Odds Favor Republicans in Midterm Elections as Democrats Struggle to Get Out Black Vote, Say Experts

Barack Obama, Anthony Brown
U.S. President Barack Obama waves as he arrives for a campaign rally for Maryland Lt. Gov. Anthony Brown (R) at a High School in Upper Marlboro, Maryland October 19, 2014. |

For Republicans looking to seize control of the Senate come midterm elections next month, Karlyn Bowman, senior fellow at the conservative American Enterprise Institute, says the odds are in their favor as Democrats face an uphill battle mobilizing black voters.

"I'm not in the prediction business," Bowman declared in a clinical tone when asked to sum-up what the election data is showing during an interview with The Christian Post on Monday.

Karlyn Bowman
Karlyn Bowman, senior fellow at AEI. |

"I just look at how people vote and what that tells me, clearly, they (Democrats) are very vulnerable in terms of that (Senate) contest overall," she continued.

Democrats, she highlighted, are likely to do well in the gubernatorial races but holding onto the Senate will be difficult.

"Clearly it is an uphill climb for the Democrats this time because there are so many of their own seats at risk in this election campaign so that the landscape just favors the Republicans from the very beginning. Whereas in 2016 it's going to favor the Democrats because there'll be more Republican seats up in 2016," she ended.

Cornell Belcher, former pollster for President Barack Obama and president of Brilliant Corners Research & Strategies, predicted earlier this month in a private memo highlighted in The New York Times that if Democrats are unable to get black voters to the polls "crushing Democratic losses across the country" will ensue in a few weeks.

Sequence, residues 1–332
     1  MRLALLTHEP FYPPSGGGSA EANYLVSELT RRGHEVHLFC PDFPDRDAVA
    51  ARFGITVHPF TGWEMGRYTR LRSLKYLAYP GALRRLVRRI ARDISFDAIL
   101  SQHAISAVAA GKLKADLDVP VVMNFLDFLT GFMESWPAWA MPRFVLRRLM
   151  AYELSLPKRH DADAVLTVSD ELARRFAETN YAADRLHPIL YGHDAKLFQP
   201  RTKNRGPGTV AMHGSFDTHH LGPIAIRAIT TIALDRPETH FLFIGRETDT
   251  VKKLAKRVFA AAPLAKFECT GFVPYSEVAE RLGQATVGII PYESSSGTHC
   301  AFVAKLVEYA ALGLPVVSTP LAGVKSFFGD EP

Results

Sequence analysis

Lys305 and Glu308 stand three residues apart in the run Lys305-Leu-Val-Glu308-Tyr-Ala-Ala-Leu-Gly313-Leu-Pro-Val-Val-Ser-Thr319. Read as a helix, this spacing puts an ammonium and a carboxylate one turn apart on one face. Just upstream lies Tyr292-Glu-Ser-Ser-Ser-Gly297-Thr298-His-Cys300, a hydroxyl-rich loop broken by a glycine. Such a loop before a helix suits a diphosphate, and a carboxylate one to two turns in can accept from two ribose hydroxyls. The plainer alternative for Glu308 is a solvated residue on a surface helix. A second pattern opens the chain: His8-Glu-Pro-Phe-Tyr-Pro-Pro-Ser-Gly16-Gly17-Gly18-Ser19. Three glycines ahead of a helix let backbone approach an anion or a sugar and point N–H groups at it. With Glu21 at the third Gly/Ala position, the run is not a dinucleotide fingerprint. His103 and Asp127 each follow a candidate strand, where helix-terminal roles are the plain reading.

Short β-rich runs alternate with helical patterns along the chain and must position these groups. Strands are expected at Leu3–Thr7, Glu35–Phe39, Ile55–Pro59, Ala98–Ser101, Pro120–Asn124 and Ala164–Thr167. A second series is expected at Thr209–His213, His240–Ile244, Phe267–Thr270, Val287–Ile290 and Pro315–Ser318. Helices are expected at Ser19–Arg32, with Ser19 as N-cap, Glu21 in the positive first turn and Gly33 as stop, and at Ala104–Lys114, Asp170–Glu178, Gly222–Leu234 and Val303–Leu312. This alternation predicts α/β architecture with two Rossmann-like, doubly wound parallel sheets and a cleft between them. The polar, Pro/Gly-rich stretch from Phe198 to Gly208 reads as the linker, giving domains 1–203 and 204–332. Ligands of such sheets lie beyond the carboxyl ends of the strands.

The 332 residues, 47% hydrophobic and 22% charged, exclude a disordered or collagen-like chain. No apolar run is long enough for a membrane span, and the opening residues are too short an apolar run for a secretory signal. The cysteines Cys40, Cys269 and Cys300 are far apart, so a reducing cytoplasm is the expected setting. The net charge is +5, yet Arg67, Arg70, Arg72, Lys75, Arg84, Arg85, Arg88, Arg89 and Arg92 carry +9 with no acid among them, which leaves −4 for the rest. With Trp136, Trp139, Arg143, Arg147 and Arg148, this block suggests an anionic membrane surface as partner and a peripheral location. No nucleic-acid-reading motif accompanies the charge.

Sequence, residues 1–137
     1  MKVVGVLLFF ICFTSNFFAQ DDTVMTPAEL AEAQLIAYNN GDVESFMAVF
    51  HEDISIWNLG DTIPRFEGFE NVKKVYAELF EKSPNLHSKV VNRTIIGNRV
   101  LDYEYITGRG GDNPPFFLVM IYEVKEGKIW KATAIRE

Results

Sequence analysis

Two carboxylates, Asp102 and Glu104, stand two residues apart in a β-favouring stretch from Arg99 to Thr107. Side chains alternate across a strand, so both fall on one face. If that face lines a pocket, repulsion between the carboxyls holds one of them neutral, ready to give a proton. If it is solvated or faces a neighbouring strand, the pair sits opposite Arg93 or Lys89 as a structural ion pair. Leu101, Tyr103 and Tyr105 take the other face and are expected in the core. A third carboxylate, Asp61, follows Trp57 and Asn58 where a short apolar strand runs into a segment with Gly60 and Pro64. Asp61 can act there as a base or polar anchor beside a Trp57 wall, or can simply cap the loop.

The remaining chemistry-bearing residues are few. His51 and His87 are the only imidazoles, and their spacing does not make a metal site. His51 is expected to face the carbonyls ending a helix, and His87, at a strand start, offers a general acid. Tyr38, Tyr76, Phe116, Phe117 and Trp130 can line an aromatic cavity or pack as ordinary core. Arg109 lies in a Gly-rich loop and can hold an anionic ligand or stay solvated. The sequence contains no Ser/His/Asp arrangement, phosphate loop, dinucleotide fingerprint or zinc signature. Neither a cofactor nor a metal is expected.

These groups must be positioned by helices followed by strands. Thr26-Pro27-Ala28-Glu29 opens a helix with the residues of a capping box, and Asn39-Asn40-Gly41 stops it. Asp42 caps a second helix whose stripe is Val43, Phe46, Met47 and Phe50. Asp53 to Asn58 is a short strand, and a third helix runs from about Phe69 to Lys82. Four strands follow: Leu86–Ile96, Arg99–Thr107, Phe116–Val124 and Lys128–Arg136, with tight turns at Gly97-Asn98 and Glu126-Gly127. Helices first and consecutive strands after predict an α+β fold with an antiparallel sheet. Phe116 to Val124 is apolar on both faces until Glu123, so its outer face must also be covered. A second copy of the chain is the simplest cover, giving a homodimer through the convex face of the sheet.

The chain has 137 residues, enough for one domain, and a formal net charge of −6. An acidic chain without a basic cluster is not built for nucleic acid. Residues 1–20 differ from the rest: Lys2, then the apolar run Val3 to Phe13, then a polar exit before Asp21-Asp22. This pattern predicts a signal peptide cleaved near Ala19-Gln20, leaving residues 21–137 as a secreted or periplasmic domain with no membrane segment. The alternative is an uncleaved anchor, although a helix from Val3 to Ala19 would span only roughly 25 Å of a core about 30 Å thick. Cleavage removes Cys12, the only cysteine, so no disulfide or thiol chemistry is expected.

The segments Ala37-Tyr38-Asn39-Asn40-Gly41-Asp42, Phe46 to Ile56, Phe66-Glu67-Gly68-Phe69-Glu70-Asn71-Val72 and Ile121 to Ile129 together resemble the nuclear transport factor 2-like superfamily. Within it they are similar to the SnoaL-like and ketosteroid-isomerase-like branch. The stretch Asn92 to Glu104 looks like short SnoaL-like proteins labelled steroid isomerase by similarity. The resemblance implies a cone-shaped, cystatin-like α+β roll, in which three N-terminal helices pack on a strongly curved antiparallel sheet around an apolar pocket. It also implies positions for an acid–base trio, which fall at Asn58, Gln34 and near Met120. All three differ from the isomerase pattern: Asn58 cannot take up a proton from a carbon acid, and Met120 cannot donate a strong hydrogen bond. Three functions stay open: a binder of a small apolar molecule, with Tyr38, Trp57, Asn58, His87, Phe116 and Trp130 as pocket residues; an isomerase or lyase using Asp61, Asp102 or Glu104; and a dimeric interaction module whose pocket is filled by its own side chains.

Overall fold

"African-American surge voters came out in force in 2008 and 2012, but they are not well positioned to do so again in 2014," Belcher reportedly warned in the memo. "In fact, over half aren't even sure when the midterm elections are taking place."

He explained further in a CNN op-ed Monday.

Cornell Belcher
Cornell Belcher, former pollster for President Barack Obama and president of Brilliant Corners Research & Strategies. |

"The reality is that Republicans had a much smaller drop in turnout in the midterm compared with the presidential election. In key battlegrounds, Republicans have a 17-point advantage in the actual voter turnout between base Democratic precincts and base Republican precincts. While base Republican precincts remain fairly energized from presidential to midterm elections, Democratic base precincts do not," he noted.

"Regardless of how brilliant our candidates are, or how well our campaigns are run, Democrats simply aren't going to win if our base precinct turnout is some 40 points off from the presidential election. That's not theory, that's just cold hard math," he continued.

On Sunday, Obama attempted to rally Democratic voters at a High School in Upper Marlboro, Maryland, in a rare appearance on the campaign trail, according to Reuters, which also noted Democrats history of not showing up for midterm elections.

In a sign of his waning popularity, some members of the crowd began walking out while he spoke and a heckler interrupted his speech.

"You've got to vote," Obama repeated over and over.

"There are no excuses. The future is up to us," said Obama.

Contact: Follow Leonardo Blair on Twitter: @leoblair Follow Leonardo Blair on Facebook: LeoBlairChristianPost

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